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Children and Families Bill offers “major reform” of SEN system

Critics warn that many will suffer in climate of cuts

Photo: Wales News and Pictures.The Government has cemented its plans to overhaul special educational needs provision with the publication, on 4 February, of the Children and Families Bill. In addition to reforms to the SEN system, the Bill includes changes to adoption and childminding, and new arrangements for children in care.

The Bill abolishes statements of SEN, replacing them with combined education, health and care plans running from birth to the age of 25 years. Councils, local authorities and service providers are to be charged with working more closely together to support children and parents. Families are to have the option of a personal budget, giving them greater control over support for their child.

Speaking ahead of the Bill’s launch, Children and Families Minister Edward Timpson said that the new measures will tackle the disadvantages faced by the most vulnerable children and families. "I am determined that every young person should be able to fulfil their potential”, he said.

Changing the system

Many parents and those working in SEN are concerned that the reforms promised in the Bill will not be workable, particularly in light of ongoing budget cuts at local and national levels.

Jolanta Lasota, CEO of Ambitious about Autism, warned that the Bill was being introduced against a backdrop of deepening cuts to frontline services. “There is a growing gap between the aspirations of the Bill and the reality of diminishing budgets, fewer services, and the increased battles for support families are facing on the ground”, she said.

A statement from The National Deaf Children’s Society described the Bill as “disappointing”, saying that “Parents have little confidence in these reforms”. A recent survey by the charity showed that only 6 per cent of parents of deaf children thought that these changes would lead to better support for their children, while 72 per cent felt that the real aim of the reforms was to reduce spending.

Across the country, charities are reporting that council’s specialist services for those with SEN are being rolled-back or abolished altogether. Fears have been raised about how effectively local services will be able to work together to ensure that children’s needs are fully met. There are also concerns that many children who need additional support will not be eligible for the new education, health and care plans.

Sir Paul Ennals, of deafblind charity Sense, welcomed the introduction of integrated assessments and provision for those with SEN, and the duty on local authorities to publish a “local offer” detailing available education, health and care services in the area. However, he cautioned that “the local offer must be underpinned by national standards which set a minimum level of provision for SEN”.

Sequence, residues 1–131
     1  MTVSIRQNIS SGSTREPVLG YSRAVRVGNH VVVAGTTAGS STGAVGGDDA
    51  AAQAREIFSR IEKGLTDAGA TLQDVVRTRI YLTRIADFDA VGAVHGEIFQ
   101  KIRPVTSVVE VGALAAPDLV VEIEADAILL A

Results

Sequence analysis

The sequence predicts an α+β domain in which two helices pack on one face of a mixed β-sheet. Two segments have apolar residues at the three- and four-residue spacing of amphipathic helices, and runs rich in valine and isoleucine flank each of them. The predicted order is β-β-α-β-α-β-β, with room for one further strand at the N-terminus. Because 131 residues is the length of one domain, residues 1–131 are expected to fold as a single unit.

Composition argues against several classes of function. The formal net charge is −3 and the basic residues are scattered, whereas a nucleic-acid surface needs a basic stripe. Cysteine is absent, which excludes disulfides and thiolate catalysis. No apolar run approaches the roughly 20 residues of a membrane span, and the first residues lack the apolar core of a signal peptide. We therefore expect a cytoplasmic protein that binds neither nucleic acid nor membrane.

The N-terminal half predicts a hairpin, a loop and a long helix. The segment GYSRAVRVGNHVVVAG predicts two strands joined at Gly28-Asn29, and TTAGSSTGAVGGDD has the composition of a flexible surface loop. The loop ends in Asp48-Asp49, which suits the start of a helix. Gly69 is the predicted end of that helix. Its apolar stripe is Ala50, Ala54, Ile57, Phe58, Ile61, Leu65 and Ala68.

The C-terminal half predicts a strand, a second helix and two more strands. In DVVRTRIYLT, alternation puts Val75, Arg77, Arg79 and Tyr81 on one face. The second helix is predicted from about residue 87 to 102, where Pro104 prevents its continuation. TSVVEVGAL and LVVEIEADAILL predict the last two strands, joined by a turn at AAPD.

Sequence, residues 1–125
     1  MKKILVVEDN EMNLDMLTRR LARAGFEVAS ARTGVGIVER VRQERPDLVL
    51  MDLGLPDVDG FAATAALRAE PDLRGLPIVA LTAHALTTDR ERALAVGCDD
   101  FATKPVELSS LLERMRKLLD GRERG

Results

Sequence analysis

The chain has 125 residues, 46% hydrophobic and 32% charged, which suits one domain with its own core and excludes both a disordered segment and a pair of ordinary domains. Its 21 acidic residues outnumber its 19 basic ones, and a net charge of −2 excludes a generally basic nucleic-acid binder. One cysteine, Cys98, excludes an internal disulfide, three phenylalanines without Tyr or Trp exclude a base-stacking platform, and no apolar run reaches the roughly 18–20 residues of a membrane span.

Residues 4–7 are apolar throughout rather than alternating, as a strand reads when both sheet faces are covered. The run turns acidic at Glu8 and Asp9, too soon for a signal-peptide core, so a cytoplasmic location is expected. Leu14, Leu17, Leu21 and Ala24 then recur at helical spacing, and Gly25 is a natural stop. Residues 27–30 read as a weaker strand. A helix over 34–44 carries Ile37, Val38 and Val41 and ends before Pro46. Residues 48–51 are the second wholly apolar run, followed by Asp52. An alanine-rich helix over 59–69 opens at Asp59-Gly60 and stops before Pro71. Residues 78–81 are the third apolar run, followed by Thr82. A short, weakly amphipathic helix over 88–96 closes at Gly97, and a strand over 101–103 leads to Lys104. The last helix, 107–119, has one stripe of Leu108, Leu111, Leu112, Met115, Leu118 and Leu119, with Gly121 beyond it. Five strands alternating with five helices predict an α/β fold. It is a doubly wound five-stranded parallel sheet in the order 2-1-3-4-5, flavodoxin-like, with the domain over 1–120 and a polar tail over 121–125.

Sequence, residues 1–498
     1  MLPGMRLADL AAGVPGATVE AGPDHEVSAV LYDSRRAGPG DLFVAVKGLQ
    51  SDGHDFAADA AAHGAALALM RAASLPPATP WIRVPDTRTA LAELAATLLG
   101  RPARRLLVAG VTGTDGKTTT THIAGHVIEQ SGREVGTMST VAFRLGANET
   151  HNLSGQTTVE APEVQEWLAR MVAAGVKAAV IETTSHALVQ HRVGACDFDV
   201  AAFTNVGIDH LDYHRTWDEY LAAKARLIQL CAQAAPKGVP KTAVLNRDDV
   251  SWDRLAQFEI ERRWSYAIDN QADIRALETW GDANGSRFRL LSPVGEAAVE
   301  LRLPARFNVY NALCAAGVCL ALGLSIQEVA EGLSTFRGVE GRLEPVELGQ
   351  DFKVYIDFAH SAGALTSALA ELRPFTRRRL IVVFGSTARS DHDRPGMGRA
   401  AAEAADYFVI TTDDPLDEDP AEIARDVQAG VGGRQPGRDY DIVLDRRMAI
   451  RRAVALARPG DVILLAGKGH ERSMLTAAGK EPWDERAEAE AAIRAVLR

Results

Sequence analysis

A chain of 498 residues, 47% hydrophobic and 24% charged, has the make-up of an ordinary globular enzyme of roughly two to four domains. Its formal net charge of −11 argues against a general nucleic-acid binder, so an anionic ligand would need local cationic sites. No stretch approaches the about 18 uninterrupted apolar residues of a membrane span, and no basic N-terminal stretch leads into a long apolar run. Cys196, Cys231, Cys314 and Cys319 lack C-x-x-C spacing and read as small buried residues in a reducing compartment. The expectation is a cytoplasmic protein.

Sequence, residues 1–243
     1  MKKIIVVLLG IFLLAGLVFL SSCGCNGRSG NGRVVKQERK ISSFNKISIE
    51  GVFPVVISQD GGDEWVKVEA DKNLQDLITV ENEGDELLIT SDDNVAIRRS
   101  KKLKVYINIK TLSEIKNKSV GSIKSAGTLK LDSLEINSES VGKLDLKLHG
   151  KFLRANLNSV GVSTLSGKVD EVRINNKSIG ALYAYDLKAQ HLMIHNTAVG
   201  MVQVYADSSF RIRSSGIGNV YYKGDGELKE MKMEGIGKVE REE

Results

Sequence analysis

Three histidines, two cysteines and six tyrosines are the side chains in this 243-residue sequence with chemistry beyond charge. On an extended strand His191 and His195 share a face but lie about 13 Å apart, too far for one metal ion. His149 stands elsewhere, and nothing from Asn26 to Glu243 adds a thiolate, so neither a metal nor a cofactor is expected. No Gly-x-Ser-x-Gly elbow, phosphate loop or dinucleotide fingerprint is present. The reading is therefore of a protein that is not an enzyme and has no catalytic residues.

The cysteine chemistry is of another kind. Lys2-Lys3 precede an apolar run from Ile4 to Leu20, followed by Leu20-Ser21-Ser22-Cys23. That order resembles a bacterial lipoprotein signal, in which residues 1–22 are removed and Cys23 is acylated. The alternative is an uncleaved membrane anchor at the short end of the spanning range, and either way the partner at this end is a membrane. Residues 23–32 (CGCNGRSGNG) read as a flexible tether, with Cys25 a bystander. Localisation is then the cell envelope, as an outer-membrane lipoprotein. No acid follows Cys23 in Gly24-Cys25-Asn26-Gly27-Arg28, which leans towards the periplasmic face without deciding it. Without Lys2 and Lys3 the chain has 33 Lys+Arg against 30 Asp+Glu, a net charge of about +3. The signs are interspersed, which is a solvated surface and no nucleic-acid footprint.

Mencap also expressed fears that the lack of national standards would create a “postcode lottery”. The charity’s Senior Campaigns and Policy Manager Dan Scorer said the Bill represented “a missed opportunity, which will change very little for parents, who currently face a long, hard fight to get the right education and health support for their child with a learning disability.”

Adoption, care and childminding

The Bill includes new measures on adoption which will, Mr Timpson said, help tackle the “appalling delays” facing would-be adopters, making it easier to adopt and providing more support to children.   

Children in care are also promised greater support, with the requirement for every council to have a “virtual school head” to champion the education of children in the authority's care.

Childcare reforms will see the introduction of childminder agencies, which the Government claims will reduce bureaucracy and facilitate more flexible childminding, enabling schools to offer “wrap-around” care.

Fathers are to get greater workplace rights; parents will be allowed to choose how they share up to a year's leave to look after their new-born children. Condemning current workplace arrangements as “old-fashioned and rigid”, Business Minister Jo Swinson said that perceptions of gender roles will be shattered, as more men take time off and more women return to work early, following the birth of a child.  

The Children and Families Bill is available at:

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